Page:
About Capella Vineyard
The Mornington Peninsula is a boot-shaped strip of land located in Victoria, Australia. South of Melbourne, it is flanked by Port Phillip, Western Port and the open and stormy waters of the Bass Strait. Near the shores of Western Port is our vineyard Capella, a small ultra-premium site with 5.2 hectares of Pinot Noir and 1.6 hectares of Chardonnay planted on VSP trellis. Sitting less than 5 kilometres inland from the ocean, it experiences a strong maritime influence, with moderating winds year-round.
The Traditional Owners of the land are the Boon Boon Wurrung / Bunurong people of the Kulin Nation, having
lived in the Peninsula for over 40,000 years. Their great respect for the land and the flora and fauna within it continues to live through us ever since the establishment of our winery here in 2013.
Soils are grey clay loam with good drainage. An efficient drip irrigation system flows through the estate, and in order to reduce water usage and increase soil health and biodiversity we make our own mulch and compost teas on site.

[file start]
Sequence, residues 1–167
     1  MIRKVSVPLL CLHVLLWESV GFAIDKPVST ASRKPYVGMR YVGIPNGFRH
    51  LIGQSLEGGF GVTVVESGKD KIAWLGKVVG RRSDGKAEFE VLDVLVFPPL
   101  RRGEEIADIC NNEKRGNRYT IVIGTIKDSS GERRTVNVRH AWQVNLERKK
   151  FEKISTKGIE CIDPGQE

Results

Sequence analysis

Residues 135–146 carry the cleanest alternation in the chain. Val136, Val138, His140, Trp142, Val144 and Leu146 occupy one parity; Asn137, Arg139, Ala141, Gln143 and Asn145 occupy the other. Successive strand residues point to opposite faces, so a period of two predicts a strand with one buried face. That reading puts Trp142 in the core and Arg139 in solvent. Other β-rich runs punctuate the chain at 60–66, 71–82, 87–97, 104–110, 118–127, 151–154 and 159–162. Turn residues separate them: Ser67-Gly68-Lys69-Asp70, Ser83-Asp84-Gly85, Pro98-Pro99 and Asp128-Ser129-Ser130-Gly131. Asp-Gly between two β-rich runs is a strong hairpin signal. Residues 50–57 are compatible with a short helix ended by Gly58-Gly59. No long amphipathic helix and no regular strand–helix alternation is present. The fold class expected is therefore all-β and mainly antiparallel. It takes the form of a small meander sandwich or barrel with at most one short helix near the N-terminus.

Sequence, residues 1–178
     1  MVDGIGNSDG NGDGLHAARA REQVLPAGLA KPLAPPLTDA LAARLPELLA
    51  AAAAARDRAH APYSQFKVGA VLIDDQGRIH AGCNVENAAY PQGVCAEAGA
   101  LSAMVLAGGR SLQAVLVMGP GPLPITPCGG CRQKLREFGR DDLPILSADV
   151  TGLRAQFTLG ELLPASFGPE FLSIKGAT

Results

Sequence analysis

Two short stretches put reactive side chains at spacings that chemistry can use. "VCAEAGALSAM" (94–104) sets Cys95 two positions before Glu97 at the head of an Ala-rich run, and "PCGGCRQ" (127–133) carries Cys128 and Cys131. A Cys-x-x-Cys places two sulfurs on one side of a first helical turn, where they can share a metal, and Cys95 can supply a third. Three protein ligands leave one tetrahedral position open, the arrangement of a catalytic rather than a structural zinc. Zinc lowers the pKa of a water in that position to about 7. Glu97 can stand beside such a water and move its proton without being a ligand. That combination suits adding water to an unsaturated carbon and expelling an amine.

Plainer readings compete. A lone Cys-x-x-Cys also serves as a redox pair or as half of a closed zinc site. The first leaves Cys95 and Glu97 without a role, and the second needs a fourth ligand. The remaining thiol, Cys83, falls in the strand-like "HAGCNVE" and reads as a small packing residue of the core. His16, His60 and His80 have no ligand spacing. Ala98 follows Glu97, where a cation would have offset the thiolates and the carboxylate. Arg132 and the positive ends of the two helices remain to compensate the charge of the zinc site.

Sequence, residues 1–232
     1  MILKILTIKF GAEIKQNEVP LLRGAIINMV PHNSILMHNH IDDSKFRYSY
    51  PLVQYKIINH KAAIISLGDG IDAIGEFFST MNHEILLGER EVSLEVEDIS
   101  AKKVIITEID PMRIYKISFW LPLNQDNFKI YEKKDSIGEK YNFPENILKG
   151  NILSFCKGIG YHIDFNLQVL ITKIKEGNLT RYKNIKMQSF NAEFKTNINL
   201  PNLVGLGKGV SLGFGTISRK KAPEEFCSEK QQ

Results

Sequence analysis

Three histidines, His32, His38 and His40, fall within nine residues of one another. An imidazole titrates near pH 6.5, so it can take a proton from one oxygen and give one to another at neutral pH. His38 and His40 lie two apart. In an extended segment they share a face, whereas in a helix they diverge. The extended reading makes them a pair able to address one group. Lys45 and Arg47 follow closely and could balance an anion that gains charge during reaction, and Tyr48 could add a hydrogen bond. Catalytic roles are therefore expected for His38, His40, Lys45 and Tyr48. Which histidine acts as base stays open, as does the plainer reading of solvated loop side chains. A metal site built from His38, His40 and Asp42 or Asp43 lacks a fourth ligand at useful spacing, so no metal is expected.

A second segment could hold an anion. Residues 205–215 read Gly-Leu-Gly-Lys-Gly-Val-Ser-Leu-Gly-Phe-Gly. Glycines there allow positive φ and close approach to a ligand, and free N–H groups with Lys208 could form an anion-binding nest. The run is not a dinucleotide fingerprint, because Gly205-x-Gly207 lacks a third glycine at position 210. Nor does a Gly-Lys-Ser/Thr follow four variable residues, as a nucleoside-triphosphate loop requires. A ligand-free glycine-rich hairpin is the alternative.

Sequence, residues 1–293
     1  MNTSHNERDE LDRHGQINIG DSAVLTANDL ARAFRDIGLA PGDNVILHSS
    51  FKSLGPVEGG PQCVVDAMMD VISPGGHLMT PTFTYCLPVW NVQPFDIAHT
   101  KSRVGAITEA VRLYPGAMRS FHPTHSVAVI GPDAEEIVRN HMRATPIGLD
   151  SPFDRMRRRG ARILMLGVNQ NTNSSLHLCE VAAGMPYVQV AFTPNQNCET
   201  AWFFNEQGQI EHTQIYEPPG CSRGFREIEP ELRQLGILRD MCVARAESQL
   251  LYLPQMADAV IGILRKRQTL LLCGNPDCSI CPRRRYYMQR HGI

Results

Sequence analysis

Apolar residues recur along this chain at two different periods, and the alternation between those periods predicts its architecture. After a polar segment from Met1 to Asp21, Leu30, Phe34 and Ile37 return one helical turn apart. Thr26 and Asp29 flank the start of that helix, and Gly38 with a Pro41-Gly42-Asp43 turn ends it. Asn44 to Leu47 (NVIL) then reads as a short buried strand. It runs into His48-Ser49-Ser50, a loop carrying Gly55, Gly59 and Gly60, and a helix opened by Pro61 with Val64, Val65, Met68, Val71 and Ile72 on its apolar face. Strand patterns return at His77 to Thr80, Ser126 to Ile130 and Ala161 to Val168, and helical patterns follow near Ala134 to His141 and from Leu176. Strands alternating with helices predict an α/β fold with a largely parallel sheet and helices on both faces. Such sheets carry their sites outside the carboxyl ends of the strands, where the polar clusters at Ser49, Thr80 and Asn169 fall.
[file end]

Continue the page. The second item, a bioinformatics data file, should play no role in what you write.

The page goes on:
Throughout the growing season, other sustainable practices are implemented in lieu of herbicides or pesticides, with cover crops like crimson clover, snow peas or even radish mitigating weed growth while offering a spectacular flower display come spring.
The vineyard has produced several exceptional vintages and trophy-winning wines. Its first vines were planted four years prior to acquiring the property, and the youngest block of Pinot Noir was planted in 2015 with the aim of enhancing clonal variation at the vineyard. The vines are planted around a lake, whose water has been recognised in the region for its quality – testament to our zero-pesticide / herbicide policy. It is not only home to a thriving community of freshwater shrimp, fish and eels, but also to our resident and migratory birds, including our signature black swans – and cygnets!
All the vines are hand-harvested, typically in March. Pruning is also manual and very precise, following the Poussard method to respect the vine’s organic growth, respect sap flow and reduce the risk of wood disease.